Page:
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The Geology of Monument Valley



Monument Valley is part of the Colorado Plateau. During the Eocene epoch of the Cenozoic era, huge quantities of these rocky mountain sediments were deposited in the section of land that now contains Monument Valley. At the same time, a regional uplift occurred on the Colorado Plateau. The plateau was pushed upward by pressure from below. It broke and cracked, thus creating a new cycle of crosion. Most of the breaking was done underground long before the rocks were revealed.

The base of the rock is made up of what's called "Organ Rock Shale". This is the soft rock shale. The middle section is made up of "DeChelly Sandstone". This is the hard rock shale. At the top of the rock is called "Shinarump". The Shinarump is made up of mountain sediments that were deposited during the Cenzoic era. The rocks that you see out there have what are called joints. Joints are vertical, very smooth and even, it determines how a rock erodes. If you look at the base of the rock, you will notice a slight change of color, that part was eroded away. It was part of the "DeChelly" formation.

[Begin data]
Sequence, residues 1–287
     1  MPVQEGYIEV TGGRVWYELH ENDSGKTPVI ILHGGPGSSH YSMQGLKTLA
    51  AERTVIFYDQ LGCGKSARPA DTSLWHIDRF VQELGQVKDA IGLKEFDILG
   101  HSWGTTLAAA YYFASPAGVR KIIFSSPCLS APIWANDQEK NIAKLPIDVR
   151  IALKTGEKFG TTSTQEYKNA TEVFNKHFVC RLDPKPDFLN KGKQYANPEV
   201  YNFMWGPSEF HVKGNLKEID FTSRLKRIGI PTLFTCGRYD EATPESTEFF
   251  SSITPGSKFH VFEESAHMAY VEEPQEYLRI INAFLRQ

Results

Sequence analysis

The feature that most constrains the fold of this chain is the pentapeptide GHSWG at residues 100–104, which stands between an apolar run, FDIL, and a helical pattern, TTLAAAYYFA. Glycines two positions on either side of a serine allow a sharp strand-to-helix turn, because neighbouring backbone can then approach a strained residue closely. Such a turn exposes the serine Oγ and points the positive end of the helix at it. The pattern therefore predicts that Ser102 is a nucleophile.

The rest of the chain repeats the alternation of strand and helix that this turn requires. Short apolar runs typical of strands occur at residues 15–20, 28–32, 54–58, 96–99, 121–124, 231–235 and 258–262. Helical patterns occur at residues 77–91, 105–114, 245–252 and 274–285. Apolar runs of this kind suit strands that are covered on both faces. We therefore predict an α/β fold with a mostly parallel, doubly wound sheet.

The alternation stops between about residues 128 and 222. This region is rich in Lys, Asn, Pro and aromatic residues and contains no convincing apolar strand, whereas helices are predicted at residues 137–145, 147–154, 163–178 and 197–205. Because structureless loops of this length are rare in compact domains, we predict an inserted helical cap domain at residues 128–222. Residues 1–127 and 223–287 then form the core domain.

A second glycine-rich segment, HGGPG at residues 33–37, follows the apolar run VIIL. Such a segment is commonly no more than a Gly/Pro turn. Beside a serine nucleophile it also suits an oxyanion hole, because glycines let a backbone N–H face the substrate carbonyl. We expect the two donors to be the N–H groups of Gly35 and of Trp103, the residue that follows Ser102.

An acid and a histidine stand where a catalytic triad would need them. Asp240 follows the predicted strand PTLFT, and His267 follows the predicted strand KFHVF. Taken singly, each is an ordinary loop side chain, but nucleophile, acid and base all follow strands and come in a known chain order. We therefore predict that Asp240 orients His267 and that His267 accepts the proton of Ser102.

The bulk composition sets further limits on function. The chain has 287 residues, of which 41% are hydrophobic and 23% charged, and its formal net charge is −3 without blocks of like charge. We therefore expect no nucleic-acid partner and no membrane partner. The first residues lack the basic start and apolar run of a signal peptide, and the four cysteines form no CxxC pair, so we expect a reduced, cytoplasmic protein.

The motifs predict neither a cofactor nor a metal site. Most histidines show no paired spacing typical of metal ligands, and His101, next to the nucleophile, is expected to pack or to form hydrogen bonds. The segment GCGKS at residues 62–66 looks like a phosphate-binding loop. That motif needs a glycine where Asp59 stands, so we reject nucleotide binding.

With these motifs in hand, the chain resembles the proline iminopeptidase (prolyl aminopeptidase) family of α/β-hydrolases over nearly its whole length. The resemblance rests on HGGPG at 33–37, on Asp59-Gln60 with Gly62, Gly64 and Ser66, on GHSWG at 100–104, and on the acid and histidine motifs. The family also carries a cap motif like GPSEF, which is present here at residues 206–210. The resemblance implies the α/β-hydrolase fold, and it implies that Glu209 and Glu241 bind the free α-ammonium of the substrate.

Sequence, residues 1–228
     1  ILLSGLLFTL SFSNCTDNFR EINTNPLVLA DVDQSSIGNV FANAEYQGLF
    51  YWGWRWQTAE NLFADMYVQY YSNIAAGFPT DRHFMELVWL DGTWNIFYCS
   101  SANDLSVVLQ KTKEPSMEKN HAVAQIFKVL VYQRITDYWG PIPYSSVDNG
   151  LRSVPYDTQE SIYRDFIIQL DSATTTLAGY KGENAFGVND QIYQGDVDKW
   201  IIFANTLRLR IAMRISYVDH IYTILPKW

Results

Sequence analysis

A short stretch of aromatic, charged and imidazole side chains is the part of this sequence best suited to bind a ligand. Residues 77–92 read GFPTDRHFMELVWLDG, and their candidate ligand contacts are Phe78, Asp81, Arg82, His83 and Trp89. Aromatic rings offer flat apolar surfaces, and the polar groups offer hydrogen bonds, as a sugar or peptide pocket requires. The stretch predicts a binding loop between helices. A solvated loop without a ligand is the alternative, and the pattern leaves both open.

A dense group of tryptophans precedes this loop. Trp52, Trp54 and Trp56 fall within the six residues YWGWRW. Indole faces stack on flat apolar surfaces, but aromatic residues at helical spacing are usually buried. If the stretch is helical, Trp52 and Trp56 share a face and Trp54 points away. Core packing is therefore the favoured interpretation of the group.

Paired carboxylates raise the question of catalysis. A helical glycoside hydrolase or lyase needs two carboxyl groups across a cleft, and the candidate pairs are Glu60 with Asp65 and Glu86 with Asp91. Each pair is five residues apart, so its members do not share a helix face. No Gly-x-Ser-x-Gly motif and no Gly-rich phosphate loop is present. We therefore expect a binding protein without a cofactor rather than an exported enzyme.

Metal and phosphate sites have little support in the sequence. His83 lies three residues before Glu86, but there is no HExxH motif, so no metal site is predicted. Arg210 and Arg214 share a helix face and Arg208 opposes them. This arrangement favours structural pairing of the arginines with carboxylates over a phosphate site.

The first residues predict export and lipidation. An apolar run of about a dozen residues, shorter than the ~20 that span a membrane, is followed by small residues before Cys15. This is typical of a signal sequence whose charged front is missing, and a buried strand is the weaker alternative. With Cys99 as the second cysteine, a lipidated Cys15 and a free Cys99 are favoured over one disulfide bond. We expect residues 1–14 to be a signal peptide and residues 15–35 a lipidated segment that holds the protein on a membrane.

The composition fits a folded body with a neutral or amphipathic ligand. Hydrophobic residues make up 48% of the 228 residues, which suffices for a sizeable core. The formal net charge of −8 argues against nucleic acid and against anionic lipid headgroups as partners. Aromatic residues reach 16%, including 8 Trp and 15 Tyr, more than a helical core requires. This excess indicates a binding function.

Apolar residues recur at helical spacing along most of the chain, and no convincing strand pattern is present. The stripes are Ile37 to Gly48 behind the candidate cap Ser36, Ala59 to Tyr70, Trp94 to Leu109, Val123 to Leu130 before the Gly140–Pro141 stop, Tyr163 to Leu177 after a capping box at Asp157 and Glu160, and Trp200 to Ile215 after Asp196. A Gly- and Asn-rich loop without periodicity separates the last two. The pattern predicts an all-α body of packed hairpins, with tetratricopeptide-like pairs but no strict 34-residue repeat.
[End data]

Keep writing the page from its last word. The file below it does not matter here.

A mesa does not start out as a mesa, it begins to emerge when a succession of hard and soft layers is cut into by a river or brought up by a fault. The mesa becomes a butte, then becomes a spire, and then it disappears.



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